Dementia researcher wins first prize at international congress

A trainee doctor at Cambridgeshire and Peterborough NHS Foundation Trust (CPFT) has been awarded first place for her dementia research poster at the virtual Royal College of Psychiatrists International Congress 2021.

Tuesday, 20th July 2021, 2:46 pm

Psychiatrist Dr Anne Kershenbaum presented a CPFT study investigating why mortality rates are higher for people with Lewy body and Parkinson’s disease dementia compared to Alzheimer’s disease. Anne’s poster abstract was chosen to win first prize for ‘Trainee Researcher of the Year’ by the prestigious college panel.

On behalf of the Royal College of Psychiatrists International Congress Abstract Review Committee, Professor Hugo Critchley said: “We received more than 1,000 diverse abstracts for presentation at this year’s international congress.

“Over 800 were showcased over the course of the event. Dr Kershenbaum’s study stood out as an excellent example of important clinical research. She thoroughly deserves the Trainee Researcher of the Year award for this work.”

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Dr Anne Kershenbaum

The inaugural event online attracted 3,354 mental health and research professionals from 57 countries over three days to enjoy a wide-ranging programme of keynote addresses from expert speakers, training events, seminars and wellbeing sessions.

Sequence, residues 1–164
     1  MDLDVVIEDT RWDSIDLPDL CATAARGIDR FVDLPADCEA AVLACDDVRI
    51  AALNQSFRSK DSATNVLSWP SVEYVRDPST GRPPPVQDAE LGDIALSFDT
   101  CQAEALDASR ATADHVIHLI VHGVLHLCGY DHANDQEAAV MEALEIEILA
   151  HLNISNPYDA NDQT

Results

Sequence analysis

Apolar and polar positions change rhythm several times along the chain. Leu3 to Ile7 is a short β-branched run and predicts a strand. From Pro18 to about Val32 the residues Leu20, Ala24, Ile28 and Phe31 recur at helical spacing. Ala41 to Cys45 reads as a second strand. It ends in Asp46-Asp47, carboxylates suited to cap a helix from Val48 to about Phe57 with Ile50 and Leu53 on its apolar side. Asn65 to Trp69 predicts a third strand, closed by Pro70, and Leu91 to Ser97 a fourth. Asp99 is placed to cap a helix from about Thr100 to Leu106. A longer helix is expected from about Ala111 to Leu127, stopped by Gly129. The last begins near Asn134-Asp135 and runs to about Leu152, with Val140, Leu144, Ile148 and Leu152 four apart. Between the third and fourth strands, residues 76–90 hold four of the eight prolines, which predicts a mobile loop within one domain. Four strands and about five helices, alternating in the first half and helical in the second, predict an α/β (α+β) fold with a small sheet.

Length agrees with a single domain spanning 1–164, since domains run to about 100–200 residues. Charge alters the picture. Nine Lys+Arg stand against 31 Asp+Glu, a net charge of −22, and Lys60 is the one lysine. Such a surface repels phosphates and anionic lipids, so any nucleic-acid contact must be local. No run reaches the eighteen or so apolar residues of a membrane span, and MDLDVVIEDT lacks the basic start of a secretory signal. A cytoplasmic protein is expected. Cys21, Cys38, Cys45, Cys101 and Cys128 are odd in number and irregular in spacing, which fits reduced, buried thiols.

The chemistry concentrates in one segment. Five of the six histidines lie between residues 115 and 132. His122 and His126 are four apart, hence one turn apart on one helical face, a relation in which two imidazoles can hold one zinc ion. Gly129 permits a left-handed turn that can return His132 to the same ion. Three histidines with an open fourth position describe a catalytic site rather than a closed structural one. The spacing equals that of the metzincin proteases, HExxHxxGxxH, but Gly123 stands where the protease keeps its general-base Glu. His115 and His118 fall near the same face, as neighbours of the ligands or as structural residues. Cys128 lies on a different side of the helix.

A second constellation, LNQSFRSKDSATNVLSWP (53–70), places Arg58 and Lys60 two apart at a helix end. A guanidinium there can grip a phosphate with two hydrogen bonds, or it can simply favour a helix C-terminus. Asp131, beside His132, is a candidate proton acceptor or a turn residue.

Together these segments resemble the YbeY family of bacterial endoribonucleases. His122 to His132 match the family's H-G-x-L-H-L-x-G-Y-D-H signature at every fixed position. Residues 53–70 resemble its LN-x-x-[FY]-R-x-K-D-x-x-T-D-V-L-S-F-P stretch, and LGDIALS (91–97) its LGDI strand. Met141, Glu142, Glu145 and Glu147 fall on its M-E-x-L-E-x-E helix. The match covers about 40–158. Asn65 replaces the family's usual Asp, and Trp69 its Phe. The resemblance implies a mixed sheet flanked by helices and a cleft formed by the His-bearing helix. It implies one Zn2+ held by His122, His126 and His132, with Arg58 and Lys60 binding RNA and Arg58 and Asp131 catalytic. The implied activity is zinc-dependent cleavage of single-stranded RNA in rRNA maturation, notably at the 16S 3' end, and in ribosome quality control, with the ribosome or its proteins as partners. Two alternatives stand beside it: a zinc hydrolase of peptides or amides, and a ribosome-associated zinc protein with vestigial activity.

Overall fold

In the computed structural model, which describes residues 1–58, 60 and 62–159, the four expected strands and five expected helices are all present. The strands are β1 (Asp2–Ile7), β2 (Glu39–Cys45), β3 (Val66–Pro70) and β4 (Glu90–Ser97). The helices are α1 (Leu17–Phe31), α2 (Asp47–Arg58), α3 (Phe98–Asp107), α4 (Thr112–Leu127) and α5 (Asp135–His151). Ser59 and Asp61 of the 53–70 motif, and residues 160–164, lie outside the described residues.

CPFT consultant psychiatrist Dr Emilio Fernandez-Egea presented one of the sessions - on treatment-resistant psychosis, sharing research from CPFT’s Clozapine Clinic and Cambridge Psychosis Centre.

In addition, clinical lead Dr Muzaffer Kaser presented a poster on CPFT’s staff mental health service.

Dr Kershenbaum is supervised by Professor John O’Brien, honorary consultant old age psychiatrist at CPFT, professor of old age psychiatry in the Department of Psychiatry at the University of Cambridge, and national specialty lead for dementias at the National Institute for Health Research.

He said: “Anne has shown tireless dedication and great skill in her careful analysis of electronic health record data. This study clearly demonstrates the power of using anonymised and linked health data to address key clinical problems like increased mortality in people with Parkinson’s disease dementia.

“I am delighted that the college has recognised her work and research at CPFT with this well-deserved prize.”

Dr Kershenbaum worked with Professor O’Brien, CPFT consultant psychiatrists Dr Rudolf Cardinal and Dr Annabel Price, and Dr Sinead Moylett to examine mortality risks for people referred into secondary mental health care services over 14 years from 2005 to 2019.

They found that hospital mortality rates were particularly high in men with Parkinson’s disease dementia and that around half of the excess deaths compared to men with Alzheimer’s dementia were due to aspiration pneumonia.

Anyone interested in volunteering with the trust can contact its Windsor Research Unit on 01223 219531 or at [email protected], or register on the national website to Join Dementia Research: www.joindementiaresearch.nihr.ac.uk.